The crisis was a breath of fresh air for renters. The market had become pretty crazy, ridiculous prices, inflexible landlords and a take-it-or-leave-it attitude. Let’s not forget that the Russian rental market is still relatively immature, a lot of landlords simply didn’t know any better. The crisis has improved client service standards and partly redefined the relationship between the tenant and the landlord. The Moscow rental market has now moved to the next stage of development and maturity.
The biggest visible change is the improved attitude of landlords. They are more likely to listen to tenant requests, for example agreeing to include internet, satellite-tv and the electricity bills in the cost of the rent. Landlords are also more likely to agree to longer lease periods, with some contract rates fixed for 2-3 years. Previously this was very difficult to achieve. There will always be exceptions, some landlords still have long vacancy periods as they refuse to negotiate on price, but they are the minority. I think the biggest learning for everyone is that prices in Moscow don’t always have to go up!
At the same time, this doesn’t translate into a flood of available properties at the right price. There is still a deficit of well renovated properties, especially in the elite segment, and tenants may find choice is restricted. Apartments which are well renovated with the right price/quality ratio will be rented quickly. Some tenants still don’t understand this and are disappointed to find out that their preferred choice was rented by someone else whilst they were looking at more properties.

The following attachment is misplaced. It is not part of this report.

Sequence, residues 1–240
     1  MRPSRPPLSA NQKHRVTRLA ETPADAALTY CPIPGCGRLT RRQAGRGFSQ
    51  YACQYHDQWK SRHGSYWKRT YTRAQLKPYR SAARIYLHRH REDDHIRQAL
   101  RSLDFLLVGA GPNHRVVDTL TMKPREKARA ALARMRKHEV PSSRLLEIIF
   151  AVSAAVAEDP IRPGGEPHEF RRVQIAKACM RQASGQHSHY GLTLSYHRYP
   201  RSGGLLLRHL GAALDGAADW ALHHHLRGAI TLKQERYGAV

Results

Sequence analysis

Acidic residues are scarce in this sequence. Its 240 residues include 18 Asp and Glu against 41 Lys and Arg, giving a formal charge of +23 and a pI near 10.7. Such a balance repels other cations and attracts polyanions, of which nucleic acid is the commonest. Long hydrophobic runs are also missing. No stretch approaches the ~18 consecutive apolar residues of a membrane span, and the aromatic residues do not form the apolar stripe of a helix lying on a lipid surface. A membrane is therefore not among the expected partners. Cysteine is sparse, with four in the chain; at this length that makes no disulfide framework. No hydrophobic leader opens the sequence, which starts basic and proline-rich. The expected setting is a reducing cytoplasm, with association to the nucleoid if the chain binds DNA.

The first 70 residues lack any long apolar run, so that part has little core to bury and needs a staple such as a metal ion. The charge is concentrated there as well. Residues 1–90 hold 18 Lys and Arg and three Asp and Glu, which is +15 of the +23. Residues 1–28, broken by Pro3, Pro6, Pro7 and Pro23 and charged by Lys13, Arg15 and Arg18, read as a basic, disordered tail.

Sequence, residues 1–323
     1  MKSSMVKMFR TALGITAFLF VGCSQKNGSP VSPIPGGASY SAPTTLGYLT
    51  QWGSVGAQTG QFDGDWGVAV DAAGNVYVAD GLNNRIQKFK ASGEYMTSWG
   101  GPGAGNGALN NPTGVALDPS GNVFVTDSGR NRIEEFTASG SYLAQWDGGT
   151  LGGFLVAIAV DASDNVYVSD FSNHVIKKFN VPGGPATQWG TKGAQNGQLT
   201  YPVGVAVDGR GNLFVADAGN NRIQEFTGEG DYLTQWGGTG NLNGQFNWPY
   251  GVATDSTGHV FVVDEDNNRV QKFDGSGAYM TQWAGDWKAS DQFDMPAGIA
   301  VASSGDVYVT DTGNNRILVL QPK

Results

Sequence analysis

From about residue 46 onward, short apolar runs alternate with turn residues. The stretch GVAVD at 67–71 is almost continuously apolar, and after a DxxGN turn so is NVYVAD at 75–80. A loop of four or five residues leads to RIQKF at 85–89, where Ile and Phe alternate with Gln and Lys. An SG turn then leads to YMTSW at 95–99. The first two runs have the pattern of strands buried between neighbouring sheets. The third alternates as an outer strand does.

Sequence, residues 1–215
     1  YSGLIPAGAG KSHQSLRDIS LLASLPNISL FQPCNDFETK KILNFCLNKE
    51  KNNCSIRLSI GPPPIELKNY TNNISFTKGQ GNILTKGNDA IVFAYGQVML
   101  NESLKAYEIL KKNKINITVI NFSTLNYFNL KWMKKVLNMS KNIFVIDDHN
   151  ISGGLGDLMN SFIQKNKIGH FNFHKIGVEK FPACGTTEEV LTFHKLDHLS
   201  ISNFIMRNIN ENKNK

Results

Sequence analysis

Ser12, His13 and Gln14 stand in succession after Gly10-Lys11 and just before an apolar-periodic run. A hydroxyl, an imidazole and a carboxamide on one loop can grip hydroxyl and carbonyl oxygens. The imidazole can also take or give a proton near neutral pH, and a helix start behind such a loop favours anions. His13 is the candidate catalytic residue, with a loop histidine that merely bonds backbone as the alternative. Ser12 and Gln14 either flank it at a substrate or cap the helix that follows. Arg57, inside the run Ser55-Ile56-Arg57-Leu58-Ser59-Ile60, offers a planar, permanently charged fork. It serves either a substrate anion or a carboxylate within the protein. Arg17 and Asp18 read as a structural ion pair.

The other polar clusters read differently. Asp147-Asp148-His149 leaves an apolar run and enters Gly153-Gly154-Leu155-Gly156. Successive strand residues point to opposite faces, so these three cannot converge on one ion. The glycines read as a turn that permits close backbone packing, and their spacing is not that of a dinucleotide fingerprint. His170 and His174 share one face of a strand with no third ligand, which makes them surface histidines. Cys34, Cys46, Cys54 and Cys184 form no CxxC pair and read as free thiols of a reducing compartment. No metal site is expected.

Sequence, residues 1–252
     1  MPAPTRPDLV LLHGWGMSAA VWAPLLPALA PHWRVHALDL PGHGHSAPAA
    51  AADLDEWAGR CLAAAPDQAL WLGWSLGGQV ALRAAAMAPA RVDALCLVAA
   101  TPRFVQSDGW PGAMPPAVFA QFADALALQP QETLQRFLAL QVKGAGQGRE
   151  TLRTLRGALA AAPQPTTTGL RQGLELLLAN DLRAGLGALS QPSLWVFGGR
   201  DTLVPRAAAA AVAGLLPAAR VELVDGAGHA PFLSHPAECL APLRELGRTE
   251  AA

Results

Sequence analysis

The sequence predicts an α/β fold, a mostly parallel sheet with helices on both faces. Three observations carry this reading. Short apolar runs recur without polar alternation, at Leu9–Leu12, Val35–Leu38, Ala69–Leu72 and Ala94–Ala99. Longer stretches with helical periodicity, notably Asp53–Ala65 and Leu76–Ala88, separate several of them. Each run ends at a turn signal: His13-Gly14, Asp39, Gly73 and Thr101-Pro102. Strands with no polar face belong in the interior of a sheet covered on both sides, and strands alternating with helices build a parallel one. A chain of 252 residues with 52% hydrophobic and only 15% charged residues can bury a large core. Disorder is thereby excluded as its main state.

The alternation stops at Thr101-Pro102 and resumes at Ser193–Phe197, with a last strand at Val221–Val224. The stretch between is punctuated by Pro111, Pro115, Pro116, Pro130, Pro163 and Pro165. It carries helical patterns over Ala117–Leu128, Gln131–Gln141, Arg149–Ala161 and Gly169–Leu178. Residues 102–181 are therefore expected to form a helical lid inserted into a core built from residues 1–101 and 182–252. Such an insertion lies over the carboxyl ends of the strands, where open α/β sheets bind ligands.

Is it possible to single out any current trends in the Moscow residential rental market?
The market is clearly less stable than previously, for agencies, landlords and the renters. The Russian economy is improving against a backdrop of global economic uncertainty, and this is clearly affecting company’s abilities to plan investment decisions and longer-term HR recruitment. This means that a pricing bubble is unlikely in the near future.
One gradual trend is the increasing use of relocation companies. A relocation company, as opposed to an agency, provides a wider range of destination services and works just on behalf of the client. Four Squares works as a relocation company in Moscow, we are in contact with all the main real estate agencies to ensure that our clients get the widest choice of residential properties. Often HR decisions about ex-pat residential packages are taken at head office, and in the more mature western markets relocation companies are the preferred choice. I am sure that this trend will continue in Moscow.